Characterization of Multiple Sclerosis candidate gene expression kinetics in rat experimental autoimmune encephalomyelitis.

Authors: Thessen Hedreul, M  Gillett, A  Olsson, T  Jagodic, M  Harris, RA 
Citation: Thessen Hedreul M, etal., J Neuroimmunol. 2009 May 29;210(1-2):30-9. Epub 2009 Mar 9.
Pubmed: (View Article at PubMed) PMID:19269041
DOI: Full-text: DOI:10.1016/j.jneuroim.2009.02.010

The immunological mechanisms underlying autoimmunity are being elucidated through genetic and functional analyses in both humans and rodent models. However, acceptance of models as valid equivalents of human disease is variable, and the validation of defined human candidate molecules in experimental models is hitherto limited. We thus aimed to determine the kinetic expression of several Multiple Sclerosis (MS) candidate genes in the myelin oligodendrocyte glycoprotein (MOG)-induced rat experimental autoimmune encephalomyelitis (EAE) model using susceptible DA and resistant PVG inbred strains. Increased expression of MS candidate genes IL2RA and IL7RA associated with disease susceptibility. Higher expression of these candidate genes and IL18R1 in susceptible rats may lead to enhancement of the disease-driving T(H)1 and T(H)17 pathways. Susceptible DA rats had augmented marker molecules of these pathways and upon restimulation with autoantigen produced increased effector molecules including IFN-gamma, IL-17F and IL-22. The altered T helper cell differentiation pathways led to differences in a MOG-specific proliferative and autoantibody response, which ultimately results in infiltration in the central nervous system and EAE induction. Our results validate the MOG-induced EAE model as having similar mechanisms to human MS and determined the kinetics of several disease mechanisms in relevant tissues.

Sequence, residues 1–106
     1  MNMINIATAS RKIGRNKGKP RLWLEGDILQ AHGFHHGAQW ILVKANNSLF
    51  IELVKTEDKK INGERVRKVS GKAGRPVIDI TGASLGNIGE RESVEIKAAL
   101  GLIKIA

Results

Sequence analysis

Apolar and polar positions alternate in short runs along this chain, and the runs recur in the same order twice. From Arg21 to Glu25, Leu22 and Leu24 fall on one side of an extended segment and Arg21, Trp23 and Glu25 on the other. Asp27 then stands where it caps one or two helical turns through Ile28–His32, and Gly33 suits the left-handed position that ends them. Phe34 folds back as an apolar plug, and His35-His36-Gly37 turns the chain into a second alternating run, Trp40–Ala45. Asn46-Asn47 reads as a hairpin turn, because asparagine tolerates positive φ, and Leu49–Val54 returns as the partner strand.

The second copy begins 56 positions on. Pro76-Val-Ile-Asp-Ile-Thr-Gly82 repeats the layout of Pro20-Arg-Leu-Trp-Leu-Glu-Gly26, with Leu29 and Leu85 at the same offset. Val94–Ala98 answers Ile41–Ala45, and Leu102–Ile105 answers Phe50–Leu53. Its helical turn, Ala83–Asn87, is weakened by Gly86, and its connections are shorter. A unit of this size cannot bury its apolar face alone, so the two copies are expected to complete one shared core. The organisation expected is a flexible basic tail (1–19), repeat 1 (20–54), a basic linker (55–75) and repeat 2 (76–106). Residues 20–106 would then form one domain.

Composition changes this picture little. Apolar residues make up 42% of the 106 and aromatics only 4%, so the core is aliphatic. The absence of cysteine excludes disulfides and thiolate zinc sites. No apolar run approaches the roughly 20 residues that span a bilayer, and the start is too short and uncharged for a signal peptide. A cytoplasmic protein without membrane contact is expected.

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CRRD Object Information
CRRD ID: 2311529
Created: 2009-07-22
Species: All species
Last Modified: 2009-07-22
Status: ACTIVE



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RGD is funded by grant HL64541 from the National Heart, Lung, and Blood Institute on behalf of the NIH.